Ten months without sleep

Posted by rosanne on Dec 3, 2009 in Administrivia |

I delivered on my first major deadlines at work in the last few weeks. And spent my evenings making a website for my Dad. And somewhere in there, I nursed and played with my little girl — although, truth be told, her Dad did most of that. And as a result, I got run down and eventually ill, but I kept on turning up to work and I kept on dragging myself out of bed in the middle of the night.

I was going to write this article about the scientific arguments against “cry it out” or “controlled crying” (and I will get around to that article) but I realised I’m too tired and the nagging cough is getting to me. Instead, you get a top-of-the-head rant about health and priorities. To some extent, it’s about why we’re even talking about cry-it-out and sleep issues and why I want to compare the “sleep whisperer” book (Save our Sleep) with Elizabeth Pantley’s No Cry Sleep Solution which I’m reading now. But that’s for next time.

At work today, I met another one of those annoying parents who tells you that their four-month-old is sleeping through the night and has been since they were six weeks old. I don’t dare ask if their child sleeps in another room, has been crying it out or whatever. I trust that there are some children who magically do that. Mine isn’t one of them. I’m thrilled because, instead of waking four and five times a night, she’s currently only waking twice a night.

I was amazed to read in Pantley’s book that “sleeping through the night” actually refers to sleeping for five hours or more in a stretch. My darling does that happily, so long as it’s from 8pm until 3am. Try and give her that “dream feed” that Tizzie Hall talks about and you’ve set her up to wake at 12am, 2am and 4am.

So what am I like after 10 months without a single solid night’s sleep? I’m run down. I’m simply not functioning at the top of my game.

Let me give you the quick re-cap:

I started co-sleeping in the hospital ward, which enticed one nurse to comment, “Oh, that’s what the black women do!” (sorry, readers, but Australia can be amazingly backward at times; our African immigrants are quite recent, and I assume she was referring to the Somalian women who are some of the newest members of our community.) These wakeups were quiet and delightful.

Back home, we co-slept and baby woke every other hour. I slept when he slept and it all went as well as could be expected. I was amazed at my resilience and felt quite rested.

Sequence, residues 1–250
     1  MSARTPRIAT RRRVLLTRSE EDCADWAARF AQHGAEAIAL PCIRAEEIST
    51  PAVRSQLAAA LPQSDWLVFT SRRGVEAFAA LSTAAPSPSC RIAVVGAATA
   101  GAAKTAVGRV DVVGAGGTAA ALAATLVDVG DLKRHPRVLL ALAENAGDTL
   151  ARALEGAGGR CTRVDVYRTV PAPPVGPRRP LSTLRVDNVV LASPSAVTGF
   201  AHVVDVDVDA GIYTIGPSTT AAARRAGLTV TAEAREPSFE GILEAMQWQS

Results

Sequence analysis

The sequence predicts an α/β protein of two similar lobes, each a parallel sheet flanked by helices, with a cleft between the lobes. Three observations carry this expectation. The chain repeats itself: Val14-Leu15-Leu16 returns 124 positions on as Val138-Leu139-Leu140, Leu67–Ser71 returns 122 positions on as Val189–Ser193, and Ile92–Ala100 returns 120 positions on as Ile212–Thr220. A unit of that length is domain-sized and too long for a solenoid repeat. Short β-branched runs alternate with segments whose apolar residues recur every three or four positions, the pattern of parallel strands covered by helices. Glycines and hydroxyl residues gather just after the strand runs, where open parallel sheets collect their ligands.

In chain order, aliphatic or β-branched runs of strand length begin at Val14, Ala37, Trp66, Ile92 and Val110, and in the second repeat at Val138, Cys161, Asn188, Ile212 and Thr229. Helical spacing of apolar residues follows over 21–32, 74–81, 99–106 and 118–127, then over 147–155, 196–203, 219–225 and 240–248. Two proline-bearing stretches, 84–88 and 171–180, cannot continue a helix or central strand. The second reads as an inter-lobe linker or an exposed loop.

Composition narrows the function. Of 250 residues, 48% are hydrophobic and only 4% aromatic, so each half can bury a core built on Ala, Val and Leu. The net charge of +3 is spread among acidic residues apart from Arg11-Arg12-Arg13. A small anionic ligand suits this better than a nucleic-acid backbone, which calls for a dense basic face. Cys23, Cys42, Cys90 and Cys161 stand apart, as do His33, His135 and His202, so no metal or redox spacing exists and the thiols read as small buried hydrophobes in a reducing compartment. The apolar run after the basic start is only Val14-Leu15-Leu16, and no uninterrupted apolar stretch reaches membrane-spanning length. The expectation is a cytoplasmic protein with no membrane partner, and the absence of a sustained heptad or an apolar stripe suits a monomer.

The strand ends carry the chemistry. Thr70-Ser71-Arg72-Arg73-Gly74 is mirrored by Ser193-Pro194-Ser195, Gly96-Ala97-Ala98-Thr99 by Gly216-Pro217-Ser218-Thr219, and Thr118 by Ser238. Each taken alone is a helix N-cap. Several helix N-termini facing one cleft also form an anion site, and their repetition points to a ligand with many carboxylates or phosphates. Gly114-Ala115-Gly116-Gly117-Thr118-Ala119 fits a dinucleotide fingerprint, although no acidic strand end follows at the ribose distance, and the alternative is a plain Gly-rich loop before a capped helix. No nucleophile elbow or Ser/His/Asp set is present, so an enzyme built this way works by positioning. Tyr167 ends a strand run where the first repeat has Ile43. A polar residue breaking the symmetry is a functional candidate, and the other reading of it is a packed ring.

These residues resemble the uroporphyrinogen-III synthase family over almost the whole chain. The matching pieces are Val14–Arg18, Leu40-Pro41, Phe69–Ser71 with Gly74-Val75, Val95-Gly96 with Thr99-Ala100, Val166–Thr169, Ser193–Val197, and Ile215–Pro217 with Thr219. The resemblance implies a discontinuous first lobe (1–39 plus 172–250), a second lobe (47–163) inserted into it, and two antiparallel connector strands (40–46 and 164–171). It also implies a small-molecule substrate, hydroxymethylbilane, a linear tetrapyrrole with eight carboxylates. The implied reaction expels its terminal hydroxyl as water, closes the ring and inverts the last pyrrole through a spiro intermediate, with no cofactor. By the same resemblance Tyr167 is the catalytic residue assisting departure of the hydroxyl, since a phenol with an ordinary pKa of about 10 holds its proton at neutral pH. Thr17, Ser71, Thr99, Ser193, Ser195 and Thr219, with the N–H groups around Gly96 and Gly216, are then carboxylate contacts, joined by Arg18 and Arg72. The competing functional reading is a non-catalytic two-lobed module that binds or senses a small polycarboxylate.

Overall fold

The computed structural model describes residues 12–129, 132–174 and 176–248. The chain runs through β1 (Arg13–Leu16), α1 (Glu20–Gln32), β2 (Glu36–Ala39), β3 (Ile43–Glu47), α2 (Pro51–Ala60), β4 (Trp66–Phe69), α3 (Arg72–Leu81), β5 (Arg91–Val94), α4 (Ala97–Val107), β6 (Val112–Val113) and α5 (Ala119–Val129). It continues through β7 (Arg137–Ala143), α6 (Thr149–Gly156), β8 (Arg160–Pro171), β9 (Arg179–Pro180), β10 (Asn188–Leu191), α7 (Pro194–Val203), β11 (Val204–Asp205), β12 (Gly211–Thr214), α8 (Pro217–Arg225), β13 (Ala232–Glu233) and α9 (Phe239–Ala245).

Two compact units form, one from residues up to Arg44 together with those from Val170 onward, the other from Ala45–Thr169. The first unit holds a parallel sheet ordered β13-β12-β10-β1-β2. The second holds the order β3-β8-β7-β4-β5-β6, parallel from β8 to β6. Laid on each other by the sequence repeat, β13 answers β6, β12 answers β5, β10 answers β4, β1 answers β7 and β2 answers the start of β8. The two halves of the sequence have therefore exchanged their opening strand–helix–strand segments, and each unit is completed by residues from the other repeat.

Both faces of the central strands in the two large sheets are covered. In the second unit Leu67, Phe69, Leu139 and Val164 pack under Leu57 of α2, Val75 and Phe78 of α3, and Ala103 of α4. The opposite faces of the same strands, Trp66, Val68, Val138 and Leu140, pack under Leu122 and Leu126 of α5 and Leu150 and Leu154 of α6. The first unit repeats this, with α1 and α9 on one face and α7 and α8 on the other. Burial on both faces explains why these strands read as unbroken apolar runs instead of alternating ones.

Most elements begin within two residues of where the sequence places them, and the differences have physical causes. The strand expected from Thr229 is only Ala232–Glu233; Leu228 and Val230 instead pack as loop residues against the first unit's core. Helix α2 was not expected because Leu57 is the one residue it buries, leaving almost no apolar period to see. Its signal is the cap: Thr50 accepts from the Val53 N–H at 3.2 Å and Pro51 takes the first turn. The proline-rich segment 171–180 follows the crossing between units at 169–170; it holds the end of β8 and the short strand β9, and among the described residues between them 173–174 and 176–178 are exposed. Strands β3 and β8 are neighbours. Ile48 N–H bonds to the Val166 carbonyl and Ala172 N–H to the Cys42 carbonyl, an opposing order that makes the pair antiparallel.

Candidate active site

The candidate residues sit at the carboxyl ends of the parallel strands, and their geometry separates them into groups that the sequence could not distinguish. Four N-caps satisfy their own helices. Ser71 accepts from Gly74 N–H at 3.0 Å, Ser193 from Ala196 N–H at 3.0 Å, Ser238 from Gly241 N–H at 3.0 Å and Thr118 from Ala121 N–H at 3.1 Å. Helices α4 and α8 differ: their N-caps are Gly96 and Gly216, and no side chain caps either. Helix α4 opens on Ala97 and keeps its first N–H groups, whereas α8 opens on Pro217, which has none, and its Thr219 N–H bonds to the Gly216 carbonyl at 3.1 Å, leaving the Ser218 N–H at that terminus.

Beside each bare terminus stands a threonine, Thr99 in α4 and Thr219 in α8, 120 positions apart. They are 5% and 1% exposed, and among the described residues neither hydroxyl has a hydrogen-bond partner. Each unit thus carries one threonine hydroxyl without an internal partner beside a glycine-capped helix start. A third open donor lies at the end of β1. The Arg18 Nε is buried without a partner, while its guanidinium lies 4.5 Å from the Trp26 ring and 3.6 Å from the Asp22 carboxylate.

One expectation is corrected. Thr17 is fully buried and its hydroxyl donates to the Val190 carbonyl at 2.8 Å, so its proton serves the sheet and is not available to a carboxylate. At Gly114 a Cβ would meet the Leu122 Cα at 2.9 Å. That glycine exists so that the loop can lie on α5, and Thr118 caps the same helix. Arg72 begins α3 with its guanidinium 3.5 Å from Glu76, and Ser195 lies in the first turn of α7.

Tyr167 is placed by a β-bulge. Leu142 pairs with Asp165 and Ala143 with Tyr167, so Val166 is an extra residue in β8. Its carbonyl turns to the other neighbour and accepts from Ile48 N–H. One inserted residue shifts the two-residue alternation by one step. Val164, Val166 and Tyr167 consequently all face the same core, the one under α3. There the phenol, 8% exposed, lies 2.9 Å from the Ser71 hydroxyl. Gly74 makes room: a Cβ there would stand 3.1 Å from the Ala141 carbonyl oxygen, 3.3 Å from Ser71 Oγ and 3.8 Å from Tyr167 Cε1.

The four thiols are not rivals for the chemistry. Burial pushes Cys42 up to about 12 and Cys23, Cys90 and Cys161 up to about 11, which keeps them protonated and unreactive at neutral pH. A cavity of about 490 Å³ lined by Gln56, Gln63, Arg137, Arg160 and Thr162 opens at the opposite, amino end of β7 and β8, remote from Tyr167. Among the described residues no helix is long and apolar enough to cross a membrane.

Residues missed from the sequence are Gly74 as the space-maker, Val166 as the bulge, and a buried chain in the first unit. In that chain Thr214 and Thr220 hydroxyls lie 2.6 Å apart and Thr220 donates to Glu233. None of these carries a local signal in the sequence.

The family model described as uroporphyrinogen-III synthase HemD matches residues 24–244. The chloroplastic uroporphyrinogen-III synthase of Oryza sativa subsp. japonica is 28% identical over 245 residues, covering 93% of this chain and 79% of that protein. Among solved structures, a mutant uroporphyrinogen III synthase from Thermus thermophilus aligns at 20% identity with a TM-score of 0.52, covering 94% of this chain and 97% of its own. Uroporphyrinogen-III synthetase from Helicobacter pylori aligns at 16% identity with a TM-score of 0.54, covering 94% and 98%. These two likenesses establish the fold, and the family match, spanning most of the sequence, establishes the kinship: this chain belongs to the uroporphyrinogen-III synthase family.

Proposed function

At six weeks, bub was going to sleep mostly as desired, but only with a tight regimen of swaddling, swaying and thumb-sucking (ours, not hers) thanks to Harvey Karp’s Baby Bliss. Some nights were very, very tough.

At around three months, as predicted, things started to get a little more manageable. We still had the incredibly alert baby who would watch a person with an unnerving unbroken stare so long as they kept talking to her. She still took 45 minute naps — none of this two hour stuff for her.

At five months, we decided she would move from our bed into a cradle next to our bed as a transition to her own cot in another room, on the basis of various books mentioning that permanent sleep cycles start around this point. My partner built a cradle that would rock and sleep went smoothly until the six month growth spurt.

From then until now, it feels like we’ve permanently been entering or exiting a growth spurt. We ratchet up to five wake/feed/sleep cycles a night and then down to two then back up to four and so on. And I’ve become very used to it.

We’ve decided we need to do something about it for two reasons. The first is that about a month ago, our little angel outgrew the cradle beside our bed, so now she *has* to transfer to her crib or sleep with us again. We’d like her to sleep in her crib because although I might sleep well when she’s snuggled in bed with us, her Dad doesn’t. The second is that she’s started getting cranky and difficult for him during the day and screaming rather than take a nap — and it’s a vicious cycle.

Some of our changes are already paying off: he’s lying down with her in our bed for daytime naps and she’s sleeping up to two hours sometimes for one nap and having two naps most days.

We started out with feeding her to sleep in her room, laying her down in her cot and then bringing her in to sleep with us when she first woke up. As that’s been working, I’m now feeding to sleep but in her room, laying her down in her crib, feeding her in there again for the first wake-up and then bringing her to us for the second wake-up. We’re making little adjustments based on instinct, negotiation, things we’ve read online and Pantley’s book that we bought three days ago. Suffice to say, last night she only woke at 3am.

The weird thing, though, is how I’m responding to the extra sleep. The 3am wake-up is harder to recover from when I get there after five hours of sleep. Last night was the third night recently where both she and my man are fast asleep and I’m restlessly checking Facebook on my iPhone in the dark.

Of course, nothing is predictable with a baby. She just woke at 10.11pm and I’ve fed her. She’s back asleep in her cot. Who knows, tonight could be another four wake-ups night. If it is, at least most of them I won’t need to get up for.

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1 Comment

[…] is an amazing thing. We’re trying the “No cry sleep solution”, as I mentioned last post and the bed time routines are going well. Although she’s only slept through the night once, […]



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